Keystone contention: Pennsylvania will be one of the most closely watched states in this year’s election cycle. With Democratic Gov. Tom Wolf term-limited and Sen. Pat Toomey (R-PA) opting not to run for a third term, the state has the rare combination of wide-open fields in both the Senate and gubernatorial races. While 2022 appears set to be a difficult year for Democrats nationwide, Shapiro raised $6.3 million in the fourth quarter of last year alone. ”He’s doing wonderfully because so far he’s preempted a primary, which is very unusual,” said Neil Oxman, a Democratic political consultant based in Philadelphia.
Starting young: Shapiro has held elected office since 2005, first as a state representative, then as a county commissioner in suburban Montgomery County and finally as attorney general. His passion for politics began as a middle schooler, when he launched an international pen-pal movement to connect young Americans with Jewish refuseniks in the Soviet Union. Shapiro’s pen pal, Avi Goldstein, and his family left the USSR in time to make it to Shapiro’s bar mitzvah in Pennsylvania. He later ran for student body president at Akiba Hebrew Academy (now Jack M. Barrack Hebrew Academy) in Merion Station, Pa. — the only election Shapiro ever lost.
Where they are: “We’re running a campaign that’s focused on meeting people where they are and meeting their needs,” Shapiro told JI. This philosophy is exemplified in Shapiro’s approach to the COVID-19 pandemic. When it comes to vaccination, he emphasizes education and outreach over mandates. His goal is ”educating and empowering the public, giving them facts, as opposed to dictates, [and] making sure that they understand the power of what a vaccine can do to save their lives, and in the case of schools, save children’s lives,” noted Shapiro, whose platform does not include vaccine mandates.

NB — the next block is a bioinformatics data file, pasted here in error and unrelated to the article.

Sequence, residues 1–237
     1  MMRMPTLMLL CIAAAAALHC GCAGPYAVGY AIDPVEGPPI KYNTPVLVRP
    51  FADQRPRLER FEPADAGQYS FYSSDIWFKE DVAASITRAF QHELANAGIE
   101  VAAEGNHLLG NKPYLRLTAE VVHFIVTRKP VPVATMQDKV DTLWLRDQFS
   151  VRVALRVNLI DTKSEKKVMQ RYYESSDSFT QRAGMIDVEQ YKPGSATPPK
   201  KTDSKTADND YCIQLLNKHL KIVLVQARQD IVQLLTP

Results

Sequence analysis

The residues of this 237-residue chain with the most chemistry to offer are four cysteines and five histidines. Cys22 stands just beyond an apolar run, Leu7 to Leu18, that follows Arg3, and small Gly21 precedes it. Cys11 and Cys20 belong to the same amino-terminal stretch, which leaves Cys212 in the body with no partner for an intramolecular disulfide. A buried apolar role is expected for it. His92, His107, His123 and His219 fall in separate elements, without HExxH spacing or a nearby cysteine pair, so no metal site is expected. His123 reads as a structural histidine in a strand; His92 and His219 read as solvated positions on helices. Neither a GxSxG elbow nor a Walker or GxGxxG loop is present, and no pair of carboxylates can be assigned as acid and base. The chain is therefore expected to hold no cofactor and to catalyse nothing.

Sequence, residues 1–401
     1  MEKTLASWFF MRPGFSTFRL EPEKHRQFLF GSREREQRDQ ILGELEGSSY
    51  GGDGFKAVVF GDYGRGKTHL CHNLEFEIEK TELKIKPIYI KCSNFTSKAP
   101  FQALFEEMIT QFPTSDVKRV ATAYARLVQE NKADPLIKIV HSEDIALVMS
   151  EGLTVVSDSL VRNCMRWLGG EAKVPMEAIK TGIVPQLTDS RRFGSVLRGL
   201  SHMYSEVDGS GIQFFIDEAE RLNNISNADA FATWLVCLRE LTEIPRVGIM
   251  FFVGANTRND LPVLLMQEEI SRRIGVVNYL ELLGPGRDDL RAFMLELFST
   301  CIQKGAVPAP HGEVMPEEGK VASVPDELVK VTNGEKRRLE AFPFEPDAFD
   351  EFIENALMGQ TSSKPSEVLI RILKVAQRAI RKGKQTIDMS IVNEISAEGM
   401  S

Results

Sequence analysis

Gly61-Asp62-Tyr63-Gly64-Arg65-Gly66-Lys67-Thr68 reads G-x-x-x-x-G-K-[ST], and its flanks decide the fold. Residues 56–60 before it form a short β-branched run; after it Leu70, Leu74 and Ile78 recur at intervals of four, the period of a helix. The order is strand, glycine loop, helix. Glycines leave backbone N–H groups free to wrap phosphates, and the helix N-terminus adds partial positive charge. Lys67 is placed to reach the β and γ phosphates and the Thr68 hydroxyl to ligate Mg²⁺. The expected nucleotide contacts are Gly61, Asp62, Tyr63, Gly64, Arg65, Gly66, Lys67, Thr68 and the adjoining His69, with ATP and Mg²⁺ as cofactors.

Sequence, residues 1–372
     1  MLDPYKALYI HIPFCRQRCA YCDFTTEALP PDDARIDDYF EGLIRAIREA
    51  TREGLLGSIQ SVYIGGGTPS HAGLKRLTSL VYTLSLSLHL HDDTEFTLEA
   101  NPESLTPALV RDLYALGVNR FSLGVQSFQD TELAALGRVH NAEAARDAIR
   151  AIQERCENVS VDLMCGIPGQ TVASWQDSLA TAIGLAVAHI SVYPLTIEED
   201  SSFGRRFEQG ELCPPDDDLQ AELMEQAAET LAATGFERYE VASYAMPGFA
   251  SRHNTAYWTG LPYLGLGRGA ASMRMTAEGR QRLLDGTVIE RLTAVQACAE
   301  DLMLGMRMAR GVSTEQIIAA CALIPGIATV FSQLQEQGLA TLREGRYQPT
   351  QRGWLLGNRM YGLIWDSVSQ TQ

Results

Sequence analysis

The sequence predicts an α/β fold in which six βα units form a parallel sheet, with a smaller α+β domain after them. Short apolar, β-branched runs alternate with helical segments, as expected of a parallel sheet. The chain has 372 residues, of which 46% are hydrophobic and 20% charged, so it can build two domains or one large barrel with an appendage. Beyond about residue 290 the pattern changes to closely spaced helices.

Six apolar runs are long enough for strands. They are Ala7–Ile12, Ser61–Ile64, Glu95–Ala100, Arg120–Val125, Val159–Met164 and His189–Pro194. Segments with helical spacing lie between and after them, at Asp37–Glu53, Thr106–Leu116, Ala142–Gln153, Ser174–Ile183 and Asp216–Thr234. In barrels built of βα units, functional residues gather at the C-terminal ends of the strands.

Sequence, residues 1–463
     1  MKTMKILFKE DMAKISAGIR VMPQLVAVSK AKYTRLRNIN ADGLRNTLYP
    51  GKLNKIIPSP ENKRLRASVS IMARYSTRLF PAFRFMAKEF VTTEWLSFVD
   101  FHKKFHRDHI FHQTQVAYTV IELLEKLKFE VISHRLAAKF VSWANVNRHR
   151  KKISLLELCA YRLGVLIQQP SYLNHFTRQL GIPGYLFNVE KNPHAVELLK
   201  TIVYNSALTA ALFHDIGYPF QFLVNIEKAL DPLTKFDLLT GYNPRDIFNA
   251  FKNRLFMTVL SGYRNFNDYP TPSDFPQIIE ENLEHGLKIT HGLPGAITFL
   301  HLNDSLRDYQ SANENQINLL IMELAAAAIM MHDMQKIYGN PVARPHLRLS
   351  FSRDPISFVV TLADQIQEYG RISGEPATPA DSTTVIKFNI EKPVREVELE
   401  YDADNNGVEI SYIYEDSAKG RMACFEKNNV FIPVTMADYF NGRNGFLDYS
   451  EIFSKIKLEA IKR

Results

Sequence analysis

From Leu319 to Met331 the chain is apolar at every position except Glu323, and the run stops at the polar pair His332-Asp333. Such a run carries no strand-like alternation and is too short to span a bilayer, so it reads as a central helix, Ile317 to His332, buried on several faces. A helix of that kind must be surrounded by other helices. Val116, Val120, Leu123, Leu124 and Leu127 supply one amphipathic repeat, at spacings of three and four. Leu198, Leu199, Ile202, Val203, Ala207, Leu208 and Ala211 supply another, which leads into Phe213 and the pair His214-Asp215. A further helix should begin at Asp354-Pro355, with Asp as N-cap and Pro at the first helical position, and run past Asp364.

Challah-burg: If he makes it to the governor’s mansion, Shapiro will keep up weekly Shabbat dinners with his wife and four children. “There’s a strong and vibrant Jewish community,” said Shapiro of Harrisburg. “We’ll have lots of Shabbat dinners at the governor’s residence that bring a lot of people from all different walks of life together for good food, good conversation and good challah.”
N.C. Supreme Court’s rejection of congressional map creates opening for Kathy Manning
The North Carolina Supreme Court’s decision this past Friday to throw out the state’s new congressional and General Assembly maps gives Rep. Kathy Manning (D-NC), whose district was eliminated during the redistricting process, new hope that she may see a second term in Congress, Jewish Insider’s Marc Rod reports.